The American Chinaware Corporation was a short-lived combination of potteries into one company.
Louis M. Porter, a former salesman for Sebring potteries, came up with the idea to bring together nine firms consisting of eleven dinnerware factories and one
enamled ware plant. The corporation was formed in the spring of 1929 with a captial of $25,000,000.
According to the Pottery Glass and Brass Salesman, Thursday, May 29, 1929:
The American Chinaware Corp was made up of the following:
"He [Porter] first interested prominent Chicago and New York bankers in the propostion and then began his conquest of the prejudices of the manufacturers who didn't warm up to his idea with any great alacrity, because it meant disclosure of business secrets which they had alwasy jealously guarded. This unfriendly attitude overcome, there began the long and tedious work of auditing the affairs of the various plants by expert accountants. While it is understood this work is not yet completed in some plants invited into the merger, it had been finished in a sufficient number on March 31 to go ahead with organization, which was effected last Friday. Other plants may be taken in later."
American Chinaware pieces were often given over the glaze backstamps. The example shown in the upper right hand corner with the overlapping CCA is rather common. Another marking uses an ACC special trade name, Amerce Dinnerware
- Carrollton Pottery Company. Carrollton, Ohio
- French China Company. Sebring, Ohio
- Knowles, Taylor & Knowles Company. East Liverpool, Ohio
- National China Company. Salineville, Ohio
- Pope-Gosser China Company. Coshocton, Ohio
- Saxon China Company. Sebring, Ohio
- E. H. Sebring China Company. Sebring, Ohio
- Smith-Phillips China Company. East Liverpool, Ohio
- Strong Manufacturing Company. Sebring, Ohio (enamel ware company)
- Morgan Belleek-China Company. Canton, Ohio (added sometime after the announcement)
The venture did not last long and on October 8, 1931, the following notice on the company's bankruptcy ran in the Pottery Glass & Brass Salesman:
$25,000,000 merger of 9 well-known pottery concerns wtih total of 12 plants and 1 enameled ware concern, formed in April, 1929, goes on the rocks of business depression -- 1,000 Jobless.
Many of the potteries involved closed their doors for good. Carrollton Pottery was able to continue. Pope-Gosser reopened in 1933, and the Saxon China Company was purchased and renamed French-Saxon.
The American Chinaware Corporation filed for bankruptcy on October 5, 1931. Assets were listed at $3,525,910 and liabilities at $2,988,591. Company president, Edwin McEwen said the descision to file was based on business depression and foriegn competition.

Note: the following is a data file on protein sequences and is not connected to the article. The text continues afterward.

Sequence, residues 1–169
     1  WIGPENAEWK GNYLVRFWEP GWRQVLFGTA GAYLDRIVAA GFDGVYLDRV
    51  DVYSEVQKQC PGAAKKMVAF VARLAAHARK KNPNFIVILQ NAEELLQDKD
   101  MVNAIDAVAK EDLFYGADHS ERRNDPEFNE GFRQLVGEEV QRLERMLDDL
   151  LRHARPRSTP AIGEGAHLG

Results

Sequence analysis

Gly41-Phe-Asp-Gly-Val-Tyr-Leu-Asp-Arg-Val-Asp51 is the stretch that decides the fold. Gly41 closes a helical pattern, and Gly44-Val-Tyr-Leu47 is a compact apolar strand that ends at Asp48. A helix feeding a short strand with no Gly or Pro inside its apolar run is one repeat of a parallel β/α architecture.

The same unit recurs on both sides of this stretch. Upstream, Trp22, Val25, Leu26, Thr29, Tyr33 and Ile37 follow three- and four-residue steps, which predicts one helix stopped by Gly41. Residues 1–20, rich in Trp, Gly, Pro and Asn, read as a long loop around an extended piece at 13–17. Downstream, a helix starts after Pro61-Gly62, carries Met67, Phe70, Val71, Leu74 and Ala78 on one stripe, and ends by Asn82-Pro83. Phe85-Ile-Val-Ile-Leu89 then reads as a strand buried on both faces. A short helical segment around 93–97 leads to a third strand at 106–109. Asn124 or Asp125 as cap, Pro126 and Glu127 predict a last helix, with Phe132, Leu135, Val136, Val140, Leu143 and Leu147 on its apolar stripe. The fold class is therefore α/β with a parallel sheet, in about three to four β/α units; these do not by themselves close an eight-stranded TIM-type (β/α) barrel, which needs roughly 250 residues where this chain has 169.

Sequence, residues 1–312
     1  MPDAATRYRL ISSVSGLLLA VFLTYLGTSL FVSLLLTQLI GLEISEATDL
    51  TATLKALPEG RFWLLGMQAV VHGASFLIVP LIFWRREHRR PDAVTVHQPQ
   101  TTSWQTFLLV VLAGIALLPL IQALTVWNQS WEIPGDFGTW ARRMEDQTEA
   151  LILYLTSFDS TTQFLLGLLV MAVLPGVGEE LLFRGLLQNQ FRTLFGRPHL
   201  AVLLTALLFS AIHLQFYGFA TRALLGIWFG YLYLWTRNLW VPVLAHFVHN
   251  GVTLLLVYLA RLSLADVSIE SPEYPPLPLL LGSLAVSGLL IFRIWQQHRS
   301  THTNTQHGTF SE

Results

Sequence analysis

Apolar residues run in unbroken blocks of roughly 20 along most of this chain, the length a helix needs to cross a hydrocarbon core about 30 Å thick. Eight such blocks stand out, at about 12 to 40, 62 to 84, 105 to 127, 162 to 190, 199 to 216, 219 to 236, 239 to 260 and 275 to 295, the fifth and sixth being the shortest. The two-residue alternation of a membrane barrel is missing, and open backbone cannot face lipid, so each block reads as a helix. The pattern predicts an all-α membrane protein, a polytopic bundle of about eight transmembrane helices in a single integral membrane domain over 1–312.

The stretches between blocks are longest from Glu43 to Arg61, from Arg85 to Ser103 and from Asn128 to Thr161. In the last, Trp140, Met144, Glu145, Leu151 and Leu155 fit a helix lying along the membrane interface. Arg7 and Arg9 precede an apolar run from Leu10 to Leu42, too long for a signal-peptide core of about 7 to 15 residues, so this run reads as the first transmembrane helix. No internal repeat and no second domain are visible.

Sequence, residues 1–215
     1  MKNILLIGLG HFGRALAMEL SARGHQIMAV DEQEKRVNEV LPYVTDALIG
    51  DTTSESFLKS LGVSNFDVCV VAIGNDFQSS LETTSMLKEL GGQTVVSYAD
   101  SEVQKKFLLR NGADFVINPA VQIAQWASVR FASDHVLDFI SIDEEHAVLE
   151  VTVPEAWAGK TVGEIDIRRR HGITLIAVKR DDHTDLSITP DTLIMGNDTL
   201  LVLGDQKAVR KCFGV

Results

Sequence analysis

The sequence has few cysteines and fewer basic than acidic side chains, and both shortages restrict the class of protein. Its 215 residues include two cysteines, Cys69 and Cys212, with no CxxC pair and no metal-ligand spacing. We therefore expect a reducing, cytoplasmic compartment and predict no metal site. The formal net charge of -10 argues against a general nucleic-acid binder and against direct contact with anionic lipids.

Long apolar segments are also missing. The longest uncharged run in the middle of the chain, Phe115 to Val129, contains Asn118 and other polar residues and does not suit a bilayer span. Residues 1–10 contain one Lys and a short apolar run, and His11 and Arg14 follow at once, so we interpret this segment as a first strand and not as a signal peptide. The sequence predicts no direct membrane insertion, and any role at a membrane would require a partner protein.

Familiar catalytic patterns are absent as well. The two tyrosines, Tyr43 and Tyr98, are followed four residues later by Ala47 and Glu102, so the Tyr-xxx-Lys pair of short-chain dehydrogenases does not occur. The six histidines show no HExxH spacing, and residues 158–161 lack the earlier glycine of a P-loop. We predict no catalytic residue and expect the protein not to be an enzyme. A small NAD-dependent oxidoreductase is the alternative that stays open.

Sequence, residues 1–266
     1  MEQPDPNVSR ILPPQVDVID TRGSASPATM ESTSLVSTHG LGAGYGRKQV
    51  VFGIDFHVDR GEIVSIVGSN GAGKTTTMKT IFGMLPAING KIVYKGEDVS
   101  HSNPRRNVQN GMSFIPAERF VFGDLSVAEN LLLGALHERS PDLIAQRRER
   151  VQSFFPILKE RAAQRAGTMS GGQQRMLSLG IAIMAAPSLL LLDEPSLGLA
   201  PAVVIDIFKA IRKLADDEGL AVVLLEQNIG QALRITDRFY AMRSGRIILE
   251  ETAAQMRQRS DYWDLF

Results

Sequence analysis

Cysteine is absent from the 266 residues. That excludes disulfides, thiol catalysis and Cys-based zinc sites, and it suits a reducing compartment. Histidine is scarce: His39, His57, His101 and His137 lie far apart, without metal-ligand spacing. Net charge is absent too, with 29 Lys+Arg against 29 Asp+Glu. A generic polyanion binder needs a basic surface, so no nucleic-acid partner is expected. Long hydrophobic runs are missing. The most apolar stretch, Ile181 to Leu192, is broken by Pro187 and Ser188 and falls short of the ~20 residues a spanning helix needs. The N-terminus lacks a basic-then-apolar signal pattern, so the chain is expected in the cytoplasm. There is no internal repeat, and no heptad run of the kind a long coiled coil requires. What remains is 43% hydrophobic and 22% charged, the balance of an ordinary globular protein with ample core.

J. Palin Thorley
Most, if not all, of the shapes and patterns for the American Chinaware Corporation were created by ceramicist, Joseph P. Thorley. The trade publication, Ceramic Industry, ran the following on Thorley in July 1929:
When the formation of American Chinaware Corp. was announced, the statement was made by the executives of the organization that "one primary purpose of the merger was the development of better china and the creation of more beautiful and improved styles in American made chinaware."
Professor J. Palin Thorley (1892 -1987) would go on to create pieces for the Taylor, Smith & Taylor Company of Chester, West Virginia and Hall China of East Liverpool, Ohio. He also wrote a series of articles on ceramic design and production titled, "Pottery Fundamentals" for the Pottery, Glass & Brass Salesman starting in Decemeber 1938.
To accomplish this purpose, the corporation has engaged Joseph Thorley as assistant to the president on art and styling.
Mr. Thorley has a wide and enviable reputation both in this country and in Europe for his artistic ability and unusual craftsmanship. He comes from a well-known Staffordshire family of artists, sculptors, and potters. His connection with the chinaware industry began with an apprenticeship with the Josiah Wedgewood Pottery, where a 12-year connection gave him unusual and valuable experience in the design and production of ceramics.
As a student, Mr. Thorley studied at the College of Art, Stoke-on-Trent and at the Staffordshire College of Science. He was at one time Lecturer and Instructor of Ceramic Design and Technology at the College of Art, Stoke-on-Trent.
During the World War, Mr. Thorley served with the British forces, and at the close of the ware took a responsible position on the board of directors of an important Staffordshire pottery.
A few years ago, Mr. Thorley made a business trip to the United States and Canada, where he became much interested in the chinaware industry of this country. As a result of the friendships formed here, he decided to make the United States his permanent home and has now lived in America for over two years.
The engagement of Mr. Thorley by the American Chinaware Corp. is particularly significant to the trade, since it assures the conception of many advanced designs in American-made dinnerware.